A 2008 IBM study found that organizations that invested more than 11 percent in change had a 23% higher success rate than those that didn’t.
How much should we be spending?
Below is quick method to evaluate and estimate your change spend:
Take your project investment estimate (end-to-end but excluding change) and multiply it by the percentage of benefits dependent on people doing or acting differently, then multiply this figure by 20% to arrive at the right change budget.
Project budget * CMROI score *20% = Change Budget
e.g. If your project budget is 100K and 76% of the stated project benefits rely on people acting or doing things differently than just over 15K is a sound budget allocation for the project estimate.
100K * 0.76 * 0.20 = 15.2K
Do you think this adequately considers the nature of the change whilst providing a pragmatic budget to focus on preparing your people for the change?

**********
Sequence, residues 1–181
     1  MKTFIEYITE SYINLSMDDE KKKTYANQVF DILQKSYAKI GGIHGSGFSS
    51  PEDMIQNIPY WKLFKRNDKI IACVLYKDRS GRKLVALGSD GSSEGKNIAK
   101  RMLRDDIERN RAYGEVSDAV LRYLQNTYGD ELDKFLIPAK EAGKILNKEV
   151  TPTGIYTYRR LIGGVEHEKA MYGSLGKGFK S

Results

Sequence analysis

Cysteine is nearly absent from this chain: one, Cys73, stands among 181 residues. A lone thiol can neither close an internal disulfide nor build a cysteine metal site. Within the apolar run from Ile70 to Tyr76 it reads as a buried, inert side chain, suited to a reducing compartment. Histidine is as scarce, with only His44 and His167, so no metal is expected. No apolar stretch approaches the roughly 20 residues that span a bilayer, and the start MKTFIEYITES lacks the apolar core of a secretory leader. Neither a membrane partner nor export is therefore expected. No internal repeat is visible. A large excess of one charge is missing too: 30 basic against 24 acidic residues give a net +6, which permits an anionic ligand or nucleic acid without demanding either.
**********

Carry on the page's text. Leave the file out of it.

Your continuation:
While this is a great starting point for change budgeting we find that there can be real value in injecting some expert advice early on to ensure detailed change impacts are accounted for and that your change strategy is appropriate. You can find out more by trying our free online change gauge.
Whatever you do, it’s worth remembering that it is highly likely that your business case has assumed that 100% of your people are ready, willing and able to use the solution to its maximum potential, in exactly the way it was designed to be used, from day one and every day thereafter.
Systems, processes and people all need dedicated focus and an appropriate investment so that no one gets left behind when we make the change. We so often find that while the people side is not always apparent, organisations who invest early and adequately up front also maximise the benefit on the bottom line.
What’s your view on allocating resources to the people side of projects?